The line about ‘we need to find a way to get the core of government to realise the problem and take it out of the political space’ is, in effect, a reference to a plan for a military-style coup d’etat within Britain. The document also outlines plans to re-adopt a WW2 model where the Chiefs of the different military servies would play a key role in determining foreign policy:
Service Chiefs are insulated from the NSC and Defence Council. We need to bring the Chiefs into the system again as in the WW2 model. The CDS nowadays is only ever asked if something could be done, never if it should be done.
After this meeting, Donnelly recruited a new member of SGMI — Mark Andrew Laverick, a chemical and biological weapons specialist at Porton Down.
The ‘catastrophe’ Donnelly and Barrons lusted after then took place — in March 2018 someone poisoned Sergei and Yulia Skripal. While the official story, that they were poisoned with Novichok by Russian intelligence, is made ludicrous by the simple fact the Skripals are still alive, IfS and their Integrity Initiative leapt into action.
They launched Operation Iris — a media monitoring program that covered not just mainstream Western and Russian media but also social media discussion of the case of the Skripals.
On April 14th, FCO propaganda man Andy Pryce (an associate of the Integrity Initiative) sent out a letter summarising what in his view is Russian disinformation. It accused Russia of faking evidence, staging news broadcasts and running an army of Twitter-bots and trolls promoting the idea that maybe the Skripals weren’t poisoned with Novichok by the Russian state.
The letter also mentions ‘Chemical weapons expert Dan Kaszeta’ as among those who have debunked Russian state ‘claims’ and ‘conspiracy theories’. There are three key problems with this.
- Kaszeta’s attempt to debunk conspiracy theories relied almost entirely on information about other nerve agents, not Novichok, and speculated that the Skripals were wearing gloves, OR washed their hands because they got some ‘muck’ on them, OR that the door handle got wet, diluting the poison. But no evidence has emerged in support of any of these possibilities, the Skripals were apparently so covered with the stuff that a table in the seafood restaurant they visited three hours later had to be burned, and the OPCW’s testing of the door found ‘the chemical substance found was of high purity, persistent and resistant to weather conditions.’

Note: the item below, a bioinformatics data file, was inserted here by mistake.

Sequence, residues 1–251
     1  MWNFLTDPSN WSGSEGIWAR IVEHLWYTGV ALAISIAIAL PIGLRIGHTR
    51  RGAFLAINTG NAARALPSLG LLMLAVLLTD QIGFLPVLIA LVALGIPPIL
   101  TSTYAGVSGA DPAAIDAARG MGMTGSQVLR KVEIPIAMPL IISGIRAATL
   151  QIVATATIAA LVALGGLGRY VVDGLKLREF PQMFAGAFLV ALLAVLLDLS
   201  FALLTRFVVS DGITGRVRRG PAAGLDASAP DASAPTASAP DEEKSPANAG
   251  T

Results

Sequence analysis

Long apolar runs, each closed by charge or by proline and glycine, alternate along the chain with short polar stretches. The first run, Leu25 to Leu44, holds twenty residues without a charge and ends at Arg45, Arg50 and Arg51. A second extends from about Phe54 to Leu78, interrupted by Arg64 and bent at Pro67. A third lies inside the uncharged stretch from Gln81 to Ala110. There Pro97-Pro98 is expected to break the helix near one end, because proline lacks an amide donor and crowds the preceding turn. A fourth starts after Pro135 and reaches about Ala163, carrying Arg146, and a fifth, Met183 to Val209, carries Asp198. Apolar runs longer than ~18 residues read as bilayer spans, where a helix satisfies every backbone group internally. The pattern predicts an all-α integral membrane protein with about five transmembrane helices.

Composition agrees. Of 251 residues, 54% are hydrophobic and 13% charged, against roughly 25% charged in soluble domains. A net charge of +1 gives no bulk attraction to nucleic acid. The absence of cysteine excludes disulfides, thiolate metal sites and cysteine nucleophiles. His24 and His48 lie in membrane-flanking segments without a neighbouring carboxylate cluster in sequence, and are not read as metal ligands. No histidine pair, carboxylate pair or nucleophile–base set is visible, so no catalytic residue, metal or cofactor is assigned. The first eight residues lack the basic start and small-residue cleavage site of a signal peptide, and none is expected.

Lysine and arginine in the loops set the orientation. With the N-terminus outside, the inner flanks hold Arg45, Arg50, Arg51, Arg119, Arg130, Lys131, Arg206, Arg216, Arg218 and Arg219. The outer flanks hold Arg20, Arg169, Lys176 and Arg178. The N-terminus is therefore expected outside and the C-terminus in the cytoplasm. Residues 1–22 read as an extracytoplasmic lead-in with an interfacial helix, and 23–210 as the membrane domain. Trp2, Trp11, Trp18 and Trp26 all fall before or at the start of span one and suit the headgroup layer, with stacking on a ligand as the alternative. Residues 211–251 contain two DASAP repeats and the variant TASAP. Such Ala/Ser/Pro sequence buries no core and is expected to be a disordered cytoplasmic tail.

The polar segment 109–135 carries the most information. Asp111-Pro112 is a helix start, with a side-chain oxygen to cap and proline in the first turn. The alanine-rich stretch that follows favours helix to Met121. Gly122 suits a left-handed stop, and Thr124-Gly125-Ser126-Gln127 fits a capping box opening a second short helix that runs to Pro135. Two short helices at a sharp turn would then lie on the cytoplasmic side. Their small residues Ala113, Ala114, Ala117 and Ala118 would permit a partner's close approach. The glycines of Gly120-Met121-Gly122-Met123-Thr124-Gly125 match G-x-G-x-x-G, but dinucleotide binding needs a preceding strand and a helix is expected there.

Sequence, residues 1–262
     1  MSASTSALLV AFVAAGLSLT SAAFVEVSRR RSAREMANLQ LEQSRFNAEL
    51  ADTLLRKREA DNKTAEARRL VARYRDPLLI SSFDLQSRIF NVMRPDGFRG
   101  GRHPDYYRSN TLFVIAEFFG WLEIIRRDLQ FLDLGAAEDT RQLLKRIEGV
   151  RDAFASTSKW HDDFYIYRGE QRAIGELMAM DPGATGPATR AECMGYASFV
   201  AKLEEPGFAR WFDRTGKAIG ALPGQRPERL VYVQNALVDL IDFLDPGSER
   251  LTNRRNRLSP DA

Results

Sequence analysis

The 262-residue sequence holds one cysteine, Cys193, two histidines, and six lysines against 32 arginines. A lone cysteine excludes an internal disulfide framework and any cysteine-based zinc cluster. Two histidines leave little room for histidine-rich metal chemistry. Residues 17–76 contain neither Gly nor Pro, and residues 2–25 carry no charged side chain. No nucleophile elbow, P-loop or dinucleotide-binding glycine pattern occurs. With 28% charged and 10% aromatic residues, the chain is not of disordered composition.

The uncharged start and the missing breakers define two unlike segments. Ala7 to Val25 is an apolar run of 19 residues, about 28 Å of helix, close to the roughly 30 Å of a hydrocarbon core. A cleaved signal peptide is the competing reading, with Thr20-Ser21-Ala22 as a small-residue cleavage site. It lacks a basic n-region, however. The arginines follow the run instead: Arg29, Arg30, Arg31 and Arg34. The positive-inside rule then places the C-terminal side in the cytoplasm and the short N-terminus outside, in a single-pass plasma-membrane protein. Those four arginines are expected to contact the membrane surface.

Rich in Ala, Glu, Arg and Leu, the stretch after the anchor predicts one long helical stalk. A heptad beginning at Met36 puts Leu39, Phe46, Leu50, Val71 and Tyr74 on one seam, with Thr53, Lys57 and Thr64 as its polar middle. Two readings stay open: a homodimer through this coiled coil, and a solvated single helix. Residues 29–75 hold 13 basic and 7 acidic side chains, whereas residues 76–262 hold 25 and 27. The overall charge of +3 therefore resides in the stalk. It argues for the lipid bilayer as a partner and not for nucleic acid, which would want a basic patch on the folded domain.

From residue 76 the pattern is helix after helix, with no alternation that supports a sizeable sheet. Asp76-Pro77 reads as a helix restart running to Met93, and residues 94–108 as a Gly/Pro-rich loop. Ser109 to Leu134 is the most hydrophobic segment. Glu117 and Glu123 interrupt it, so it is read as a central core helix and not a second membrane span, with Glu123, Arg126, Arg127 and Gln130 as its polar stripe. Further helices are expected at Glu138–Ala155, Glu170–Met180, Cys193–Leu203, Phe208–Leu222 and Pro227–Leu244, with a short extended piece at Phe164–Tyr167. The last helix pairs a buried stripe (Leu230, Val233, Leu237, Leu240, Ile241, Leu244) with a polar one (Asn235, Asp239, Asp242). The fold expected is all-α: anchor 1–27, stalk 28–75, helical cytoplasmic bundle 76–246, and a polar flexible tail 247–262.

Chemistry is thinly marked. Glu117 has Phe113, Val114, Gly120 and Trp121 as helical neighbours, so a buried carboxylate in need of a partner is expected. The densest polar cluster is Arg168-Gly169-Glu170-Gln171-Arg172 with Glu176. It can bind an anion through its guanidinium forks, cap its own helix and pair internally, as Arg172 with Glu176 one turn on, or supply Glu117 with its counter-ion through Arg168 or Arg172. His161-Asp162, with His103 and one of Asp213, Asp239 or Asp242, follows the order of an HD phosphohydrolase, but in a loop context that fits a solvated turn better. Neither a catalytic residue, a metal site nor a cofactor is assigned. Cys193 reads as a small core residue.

- Kaszeta is not a scientific expert in chemical weapons (least of all Novichok) but an expert in crisis response planning, especially in the wake of a CBRN attack. It appears he never wrote a word about Novichok prior to March 2018.
- Kaszeta was writing articles on the Skripal affair on behalf of the Integrity Initiative, who were paying him for those articles.
The Pablo Miller Twist
Not only were the Integrity Initiative monitoring dissent regarding the official Skripal narrative and paying for articles to ‘debunk conspiracy theories’, they also met with Pablo Miller, the long-time MI6 handler of Sergei Skripal and a neighbour of his in Salisbury.
According to Anonymous (who leaked the documents) Miller attended a meeting in July 2018 with the White Helmets at the Institute for Statecraft. Presumably this took place at their London office, not the decrepit building in Scotland.
Another attendee was Howard Body, Assistant Head of Science Support at Porton Down. Body has no scientific credentials and also works as Assistant Head of Strategic Analysis at the British MOD. So whether this meeting was to do with the White Helmets or the Salisbury poisoning (or both) is not clear, but I suspect it was more to do with the latter.
In sum, we have a group that called for a ratcheting up of sanctions and actions against Russia, then called for a ‘catastrophe to wake people up and demand a response’, who in effect are plotting a military takeover of the British foreign policy establishment, who work closely with both scientific and non-scientific officials at Porton Down, and have some association with Skripal’s handler, and were for a time engaged in information warfare on the Skripal case.
If I were in the business of constructing rival conspiracy theories then I’d be tempted to make an accusation against the Institute for Statecraft and the Integrity Initiative.
Put simply, this is a more coherent and incriminating series of events than the evidence cited in support of the British government’s story.